We established a morning hiking ritual that continues today. I tiptoe upstairs and crack open Jess' bedroom door at 4:45 AM. Dejah, who I am sure has heard me getting ready, has her nose to the door. As I crack it open she literally erupts out of the bedroom, slamming her tail on the walls of the hall, snorting and twisting and turning with uncontrollable exuberance. She runs down the stairs, jumps over the last half of the staircase, and turns around waiting for Grammy to catch up. As soon as Dejah sees Pat's car coming up the driveway, she runs and gets one of her stuffed toys and stands nose to door, tail wagging furiously, anxious to greet Pat. She hops in the back of Pat's car with Pinta and immediately lies down and starts sucking on her stuffed zebra, like a child sucking her thumb, quieting herself down for the long drive she knows is ahead.

For a year and a half we enjoyed Dejah's company on the mountains, hiking through all four seasons. Then Sean came home from Iraq, and reclaimed his loved ones and they all moved to Texas. I lost my daughter and my trail dog. I was happy for them, devastated for me. Pat and I finished up our 48 in New Hampshire and moved on to completing the 67 4,000-footers in New England.

About a year after moving to Texas, Jess called Don and I and told us the terrible news that Sean would be sent back to Iraq for another year. She didn't want to live alone in El Paso, so she and Dejah came home and we welcomed them with open arms.

I'll never forget Dejah's greeting. She burst into the house and Jess says, "Say hi to Grammy!" Dejah is almost on top of me, wagging her tail with unbridled elation as it bangs on the coffee table and knocks over my water, her whole body wiggling with anticipation, circling continuously around under my hands, snorting with excitement while holding a stuffed dog in her mouth. It's a special Grammy greeting. She remembers me!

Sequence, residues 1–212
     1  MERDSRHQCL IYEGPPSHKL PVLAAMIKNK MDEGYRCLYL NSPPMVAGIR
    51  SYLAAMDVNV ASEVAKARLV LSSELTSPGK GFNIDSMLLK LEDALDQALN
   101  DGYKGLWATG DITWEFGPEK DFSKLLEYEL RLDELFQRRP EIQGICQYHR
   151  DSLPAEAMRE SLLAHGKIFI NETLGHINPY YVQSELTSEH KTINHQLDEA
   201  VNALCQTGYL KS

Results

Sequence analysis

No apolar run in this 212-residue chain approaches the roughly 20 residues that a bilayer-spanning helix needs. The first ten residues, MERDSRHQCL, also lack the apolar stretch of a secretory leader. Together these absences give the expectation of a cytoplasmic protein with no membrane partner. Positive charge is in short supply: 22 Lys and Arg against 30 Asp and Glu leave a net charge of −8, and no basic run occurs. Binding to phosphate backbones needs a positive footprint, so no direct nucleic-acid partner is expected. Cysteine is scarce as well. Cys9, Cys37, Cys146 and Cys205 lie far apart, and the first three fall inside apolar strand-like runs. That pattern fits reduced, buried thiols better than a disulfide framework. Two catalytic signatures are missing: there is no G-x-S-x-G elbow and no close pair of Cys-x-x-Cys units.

Dejah is back...but not to stay. Sean will come home in the spring; he and Jess will get married and they will move to wherever he is stationed. So I have Dejah for one year...huh...I wonder...I run to my computer. I could feel the tingling thrill of a goal materializing. How many mountains did she climb with us, I ask myself, as I start going through pictures and hike reports? Twenty. She had climbed 20 out of the 48. Could Pat and I get her up the remaining 28 mountains before she has to leave us again? Get her 4,000-footer patch this coming spring? Yes - I think we can!

But first I needed to get her back in hiking shape. With both Sean and Jess working all day in Texas, Dejah didn't get the exercise she was used to and she gained 16 pounds. Grammy to the rescue -- diet food, fewer treats and daily hill walks, and she starts to look like the Dejah I remember. Her first 4,000-footer hike after coming home was in May on the Kinsmans. Now it is November, and we are only two mountains shy of our goal.


As Pat and I continue up the Pine Bend Brook Trail, we are amazed that we did this hike in January. Not only did we do it, but we broke trail in 3 feet of new snow for most of the hike. Incredible. We are impressed with ourselves as we climb up what feels like a never-ending steep ravine. It's fun to be amazed by ourselves when no one else is around to think we are bragging. We are strong fit women and it feels so good to let that in. I glance at Dejah who is bounding up more man-made steps in this perpendicular section of the trail, looking svelte and fit, totally unaware of the feat she is about to accomplish. She is in the moment and doesn't need to feel good about what she has done or will do...she just feels good while she is doing it. What would it be like to live life that way?

The trail gets very steep, then rewards us with a more gradual climb, then levels off. We are on top of a knoll, the trail winding gently through the flat woods and I glance off to my right and I see this massive monster mountain standing like a giant peering over my shoulder. I am hoping that is not North Tripyramid, while simultaneously knowing it is. But, I remind myself, it is always easier than it looks. It's like a 1,000-piece puzzle that is incredibly daunting when you take it out of the box. I always think, NO WAY, are you kidding? But when I stick with the one-piece-at-a-time mentality it becomes possible. Of course, Dejah doesn't look at the mountain, or care about what is to come. She is happy hiking with Grammy and Grammy's best friend. No worries, just contentment in the now.